People change every day no matter their age. Change can be bad, but more often than not, people change for the better the more they live and learn. Especially children. The science says a child’s brain does not fully develop until well into his or her mid to late twenties. Should a child be held fully responsible for his or her actions? Should that child be deemed a lost cause and given up on before first given every opportunity for growth and change?

For the past twenty years the American judicial system has been charging our children as adults for drug and violent offenses. Not just charging children, but prosecuting, convicting and sentencing them to astronomical numbers of years in adult prisons.

Can someone tell me when it became acceptable to have police in schools who often aggressively discipline children in schools? In many instances the same treatments by the child’s parents would not only be a crime but would result in that child being removed from the home.

Remember the mother who disciplined her son for taking part in the demonstrations in Baltimore around the death of Freddie Gray? Remember how she was vilified by the media? All she did was slap him upside the head a few times and drag him home. How is that worse than the police officer who manhandled a little girl and slammed her to the ground in her classroom for refusing to leave her seat? Novamente, who gave police the right to physically discipline our children in such an aggressive and even brutal manor? Please do not say the parents by their lack of parenting because the government and society with their moral outrage have literally tied the hands of parents in regard to how they discipline their children. It’s sad to say, but some kids simply need their asses whooped. Time outs do not work, especially for inner-city black youth. Taking their things and sending them to their rooms does not work either. What’s left to do?

The Bible says, “Spare the rod.” One problem I see is that parents today either try to be friends with their children or they are scared of their children. Kids today lack respect and talk back, cuss their parents out, and even lay hands on their parents. When I was a child I knew my place. If I talked back, it was not long before my mouth was bleeding. Not only did I never talk back to my parents, I knew better than to talk back to any adult.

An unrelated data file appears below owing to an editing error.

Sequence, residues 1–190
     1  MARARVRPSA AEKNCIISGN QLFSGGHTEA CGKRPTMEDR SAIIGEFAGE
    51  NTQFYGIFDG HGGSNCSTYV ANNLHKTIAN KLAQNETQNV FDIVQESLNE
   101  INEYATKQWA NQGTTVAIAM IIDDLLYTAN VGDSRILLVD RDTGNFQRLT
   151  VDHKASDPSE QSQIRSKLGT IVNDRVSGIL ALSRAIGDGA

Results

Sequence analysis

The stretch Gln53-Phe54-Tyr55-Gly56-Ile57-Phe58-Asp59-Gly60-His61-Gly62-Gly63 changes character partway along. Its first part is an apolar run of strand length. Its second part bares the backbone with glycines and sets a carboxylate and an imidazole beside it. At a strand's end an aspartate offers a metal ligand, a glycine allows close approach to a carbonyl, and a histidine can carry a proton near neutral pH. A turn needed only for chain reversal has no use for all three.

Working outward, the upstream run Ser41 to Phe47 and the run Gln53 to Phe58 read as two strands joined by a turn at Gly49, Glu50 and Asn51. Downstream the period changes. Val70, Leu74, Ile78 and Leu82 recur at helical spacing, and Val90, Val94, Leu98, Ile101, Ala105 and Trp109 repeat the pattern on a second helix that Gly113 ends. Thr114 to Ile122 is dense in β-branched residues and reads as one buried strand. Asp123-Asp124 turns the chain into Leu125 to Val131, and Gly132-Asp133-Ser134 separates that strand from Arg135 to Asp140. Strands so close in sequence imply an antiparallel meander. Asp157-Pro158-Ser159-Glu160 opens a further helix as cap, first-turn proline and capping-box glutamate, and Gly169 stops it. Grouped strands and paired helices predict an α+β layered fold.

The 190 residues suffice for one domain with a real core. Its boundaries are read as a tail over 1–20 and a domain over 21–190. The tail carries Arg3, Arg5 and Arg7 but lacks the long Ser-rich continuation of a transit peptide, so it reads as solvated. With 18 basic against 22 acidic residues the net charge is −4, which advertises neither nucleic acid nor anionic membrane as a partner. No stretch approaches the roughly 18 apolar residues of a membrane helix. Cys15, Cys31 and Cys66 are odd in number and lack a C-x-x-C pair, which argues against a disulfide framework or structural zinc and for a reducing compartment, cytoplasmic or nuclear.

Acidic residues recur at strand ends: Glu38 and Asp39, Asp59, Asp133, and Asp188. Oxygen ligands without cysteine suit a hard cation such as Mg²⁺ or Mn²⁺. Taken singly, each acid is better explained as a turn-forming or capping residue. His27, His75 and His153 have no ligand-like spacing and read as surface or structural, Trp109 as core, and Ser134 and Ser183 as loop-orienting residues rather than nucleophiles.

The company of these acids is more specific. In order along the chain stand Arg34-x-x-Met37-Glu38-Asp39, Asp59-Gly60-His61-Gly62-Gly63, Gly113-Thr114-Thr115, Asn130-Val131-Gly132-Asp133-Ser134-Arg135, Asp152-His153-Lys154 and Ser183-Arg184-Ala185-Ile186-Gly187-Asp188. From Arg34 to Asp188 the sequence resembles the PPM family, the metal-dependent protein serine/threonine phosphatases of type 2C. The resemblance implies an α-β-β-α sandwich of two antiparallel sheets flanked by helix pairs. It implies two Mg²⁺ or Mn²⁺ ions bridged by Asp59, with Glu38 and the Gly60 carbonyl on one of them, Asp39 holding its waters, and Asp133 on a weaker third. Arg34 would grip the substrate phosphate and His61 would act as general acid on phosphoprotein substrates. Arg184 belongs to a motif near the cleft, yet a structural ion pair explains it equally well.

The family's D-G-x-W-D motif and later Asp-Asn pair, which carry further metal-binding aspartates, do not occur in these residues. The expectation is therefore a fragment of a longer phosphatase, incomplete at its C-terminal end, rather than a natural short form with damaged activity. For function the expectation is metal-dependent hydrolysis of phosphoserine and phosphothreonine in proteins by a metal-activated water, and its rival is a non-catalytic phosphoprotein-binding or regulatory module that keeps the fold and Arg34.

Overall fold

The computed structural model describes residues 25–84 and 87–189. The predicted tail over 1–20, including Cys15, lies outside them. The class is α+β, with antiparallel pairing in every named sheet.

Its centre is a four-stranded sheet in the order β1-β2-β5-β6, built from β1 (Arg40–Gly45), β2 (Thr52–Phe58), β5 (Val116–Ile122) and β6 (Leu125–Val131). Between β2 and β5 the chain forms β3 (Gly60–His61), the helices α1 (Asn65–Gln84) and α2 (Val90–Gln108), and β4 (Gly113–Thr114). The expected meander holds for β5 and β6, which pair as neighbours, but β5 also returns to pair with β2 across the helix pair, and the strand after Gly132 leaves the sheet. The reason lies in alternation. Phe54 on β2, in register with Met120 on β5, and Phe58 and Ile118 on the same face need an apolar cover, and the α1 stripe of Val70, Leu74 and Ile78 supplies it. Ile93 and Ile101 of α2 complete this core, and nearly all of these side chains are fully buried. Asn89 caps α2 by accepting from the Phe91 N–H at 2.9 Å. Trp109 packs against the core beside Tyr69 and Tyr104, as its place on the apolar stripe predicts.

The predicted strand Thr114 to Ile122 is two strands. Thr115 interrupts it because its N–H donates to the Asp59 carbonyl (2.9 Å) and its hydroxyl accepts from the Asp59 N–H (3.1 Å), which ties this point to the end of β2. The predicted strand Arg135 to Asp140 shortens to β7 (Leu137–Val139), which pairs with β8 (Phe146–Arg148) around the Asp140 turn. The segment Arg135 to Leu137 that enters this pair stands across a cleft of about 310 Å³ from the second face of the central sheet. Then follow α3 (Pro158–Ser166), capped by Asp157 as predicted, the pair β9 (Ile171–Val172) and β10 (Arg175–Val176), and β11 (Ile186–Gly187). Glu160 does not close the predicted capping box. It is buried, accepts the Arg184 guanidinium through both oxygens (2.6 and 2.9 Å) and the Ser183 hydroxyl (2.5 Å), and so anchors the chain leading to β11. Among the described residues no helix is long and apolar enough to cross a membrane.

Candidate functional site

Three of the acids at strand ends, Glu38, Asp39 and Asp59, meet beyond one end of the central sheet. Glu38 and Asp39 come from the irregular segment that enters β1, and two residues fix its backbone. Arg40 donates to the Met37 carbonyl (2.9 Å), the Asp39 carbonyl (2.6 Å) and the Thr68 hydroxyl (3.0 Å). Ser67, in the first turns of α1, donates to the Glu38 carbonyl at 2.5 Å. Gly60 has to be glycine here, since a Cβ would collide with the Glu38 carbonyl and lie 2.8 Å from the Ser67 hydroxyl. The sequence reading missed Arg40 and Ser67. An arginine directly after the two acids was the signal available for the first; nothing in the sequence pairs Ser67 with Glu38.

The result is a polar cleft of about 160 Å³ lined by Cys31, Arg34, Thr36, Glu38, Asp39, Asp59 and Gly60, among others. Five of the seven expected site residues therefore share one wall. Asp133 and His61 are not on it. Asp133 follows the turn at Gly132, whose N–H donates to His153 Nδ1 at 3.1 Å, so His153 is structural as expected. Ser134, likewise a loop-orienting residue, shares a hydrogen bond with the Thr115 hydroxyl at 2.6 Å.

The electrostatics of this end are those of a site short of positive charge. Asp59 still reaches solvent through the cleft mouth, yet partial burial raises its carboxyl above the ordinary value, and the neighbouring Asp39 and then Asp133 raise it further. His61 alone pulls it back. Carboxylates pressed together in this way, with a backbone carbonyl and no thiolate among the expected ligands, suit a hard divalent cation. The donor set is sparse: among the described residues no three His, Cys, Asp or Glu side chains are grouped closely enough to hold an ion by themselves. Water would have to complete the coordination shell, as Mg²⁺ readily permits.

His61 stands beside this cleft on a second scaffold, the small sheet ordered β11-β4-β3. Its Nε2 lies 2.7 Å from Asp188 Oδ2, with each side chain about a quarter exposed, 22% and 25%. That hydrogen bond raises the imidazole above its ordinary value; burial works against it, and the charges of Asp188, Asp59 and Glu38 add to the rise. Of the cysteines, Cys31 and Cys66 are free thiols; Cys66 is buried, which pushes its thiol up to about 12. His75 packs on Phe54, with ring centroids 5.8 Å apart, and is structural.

I do not know about you, but growing up I was scared of my mom and dad. I’m still scared of them and my mother has been dead for twenty-three years. Hoje, it’s like the child dictates the household. They do not respect their parents on any level and they do not respect anyone else including themselves. They are making decisions that lead to bodily harm and often cost a life.

Respect and discipline begin at home. Until kids learn respect and are disciplined at home they will continue to die needlessly in the streets. Parents must do what they must to save their child’s life.

I have said it before and I will say it again: It is up to us as parents, not the police or the justice system, to protect our children. No one else can or will. And if we do not our children are more prone to be subject to institutional racism and the disparities of America’s criminal justice system.